Courtesy Four Points by Sheraton
Scott Kerkmans is the chief beer officer for the Four Points by Sheraton hotels. The chain created the position to market so-called craft beers as one of its specialties.
Scott Kerkmans is the chief beer officer for the Four Points by Sheraton hotels. The chain created the position to market so-called craft beers as one of its specialties. Courtesy Four Points by Sheraton
Scott Kerkmans recently bested nearly 8,000 applicants hoping to be chief beer officer for a national hotel chain.
You read that right. It's an actual job. The Four Points by Sheraton hotels chain created the position because it wants to market so-called craft beers as one of its specialties.
A lot of people work for decades before they score their dream job, if they ever do. Kerkmans landed it just a few years after graduating from the University of New Mexico.
"At first, I thought my friends would be happy for me. Well, it turns out they're just jealous," Kerkmans says with a laugh.
'The Napa Valley of Beer'
As far as anyone can tell, Kerkmans is the world's first CBO. He's an ordinary-looking guy with a good sense of humor who mostly works out of his house, a non-descript bungalow in west Denver. The only thing unusual about the place is its basement, where Kerkmans stores dozens of his finest beers, and in some cases, ages them.
"A lot of people think beer can't be aged or doesn't age well. But some of the beers actually age incredibly well," Kerkmans says.
Kerkmans got his first job in the industry as soon as he could legally drink. His beer credentials include a job as a brewer at the award-winning Alaskan Brewing Company. Then at 28, he became the hotel chain's CBO.
"Most beer drinkers that are a little bit older have always had only one or two styles to choose from, and so it's really the younger beer drinkers that are really, kind of, revitalizing the idea of beer drinking," Kerkmans says.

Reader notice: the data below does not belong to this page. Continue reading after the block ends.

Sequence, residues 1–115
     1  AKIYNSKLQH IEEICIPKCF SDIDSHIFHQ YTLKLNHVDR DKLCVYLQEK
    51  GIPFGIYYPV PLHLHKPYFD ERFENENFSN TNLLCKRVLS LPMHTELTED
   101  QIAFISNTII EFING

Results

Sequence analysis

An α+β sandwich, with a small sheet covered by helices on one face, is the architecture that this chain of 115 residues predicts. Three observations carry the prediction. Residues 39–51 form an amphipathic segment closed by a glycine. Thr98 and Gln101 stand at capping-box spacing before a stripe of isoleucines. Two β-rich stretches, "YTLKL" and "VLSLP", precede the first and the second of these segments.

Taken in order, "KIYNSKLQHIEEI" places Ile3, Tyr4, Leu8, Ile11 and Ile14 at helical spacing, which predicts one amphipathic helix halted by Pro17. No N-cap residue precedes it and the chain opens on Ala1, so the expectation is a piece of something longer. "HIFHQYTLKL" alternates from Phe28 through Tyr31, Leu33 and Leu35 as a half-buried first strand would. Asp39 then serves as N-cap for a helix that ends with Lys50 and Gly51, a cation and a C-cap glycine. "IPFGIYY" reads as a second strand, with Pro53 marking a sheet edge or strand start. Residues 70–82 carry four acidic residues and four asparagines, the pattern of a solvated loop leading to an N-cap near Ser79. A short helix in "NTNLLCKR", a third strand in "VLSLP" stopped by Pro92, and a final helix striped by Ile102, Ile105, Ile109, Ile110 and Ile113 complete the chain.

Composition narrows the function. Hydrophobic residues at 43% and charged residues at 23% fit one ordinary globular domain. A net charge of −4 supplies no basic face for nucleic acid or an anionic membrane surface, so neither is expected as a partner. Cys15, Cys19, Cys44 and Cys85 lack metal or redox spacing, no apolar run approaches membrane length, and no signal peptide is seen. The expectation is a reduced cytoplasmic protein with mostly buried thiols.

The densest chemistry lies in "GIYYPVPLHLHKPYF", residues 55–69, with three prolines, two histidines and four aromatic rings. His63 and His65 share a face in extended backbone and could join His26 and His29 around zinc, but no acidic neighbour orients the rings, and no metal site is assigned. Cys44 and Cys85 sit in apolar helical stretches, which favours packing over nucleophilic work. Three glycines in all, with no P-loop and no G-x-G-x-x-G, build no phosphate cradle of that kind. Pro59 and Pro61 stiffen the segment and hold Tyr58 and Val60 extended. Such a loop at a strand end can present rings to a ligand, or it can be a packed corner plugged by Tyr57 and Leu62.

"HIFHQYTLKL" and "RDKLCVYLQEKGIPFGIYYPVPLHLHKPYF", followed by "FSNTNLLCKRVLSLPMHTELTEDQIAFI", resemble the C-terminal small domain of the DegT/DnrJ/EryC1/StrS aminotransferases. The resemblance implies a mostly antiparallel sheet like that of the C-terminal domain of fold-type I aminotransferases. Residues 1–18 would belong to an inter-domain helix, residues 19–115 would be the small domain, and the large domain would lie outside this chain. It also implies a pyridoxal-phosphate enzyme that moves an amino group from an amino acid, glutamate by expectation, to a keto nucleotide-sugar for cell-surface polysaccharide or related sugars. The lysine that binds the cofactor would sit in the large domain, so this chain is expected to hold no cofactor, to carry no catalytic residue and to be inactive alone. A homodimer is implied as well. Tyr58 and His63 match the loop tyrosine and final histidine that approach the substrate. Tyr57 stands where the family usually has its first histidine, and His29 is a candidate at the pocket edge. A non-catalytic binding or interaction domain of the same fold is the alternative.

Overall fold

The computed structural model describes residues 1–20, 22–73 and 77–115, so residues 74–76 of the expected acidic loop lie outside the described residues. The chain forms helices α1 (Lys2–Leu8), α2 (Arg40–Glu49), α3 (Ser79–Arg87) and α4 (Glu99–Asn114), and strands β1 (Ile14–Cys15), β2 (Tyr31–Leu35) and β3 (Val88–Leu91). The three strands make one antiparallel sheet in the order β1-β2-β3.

The Four Points by Sheraton is banking on that. The hotel chain's "Best Brews" program aims to attract guests who appreciate craft beer. Microbrews account for just under 5 percent of all the beer consumed in the U.S. but they're growing steadily.
In Colorado, for instance, there are 75 breweries within a two-hour drive of Kerkmans' house.
"Really, the best reason to be in Denver is that it's the Napa Valley of beer. There's really more going on here in the craft brewing world than just about anywhere else in the U.S.," Kerkmans says.
A.M. Tasting Sessions
Kerkmans visits breweries monthly and holds tastings and beer dinners at hotels throughout North America.
His mission, he says, is to educate the masses about beer. And if you drink a beer in a Four Points by Sheraton these days, chances are it was chosen after one of Kerkmans' rigorous morning tasting sessions.
That's right, he drinks in the morning.
"Something just seems a little bit wrong about drinking beer at 8 in the morning, every morning, for me, so I often will wait until about 10 on the mornings that I'm tasting. Not to say that there's anything wrong with having a beer for breakfast. I do that sometimes, too," Kerkmans says.
In the morning, your taste buds are evidently most alive.
Unlike a wine sommelier, Kerkmans always swallows because the hops in the beer register best with the taste buds at the back of your tongue.
"Ahhh, that's a good beer," Kerkmans says after tasting the Maui Brewing Company's American Pale Ale. "It has a really smooth malt flavor and not too harsh of hops. It's always important to take note of the hops and make sure that they're not too sharp on your tongue."
Kerkmans is careful not to drink too much, though. After a few sips, he pours out the rest and moves on. After all, he has three more beers to try. And it's not even time for lunch.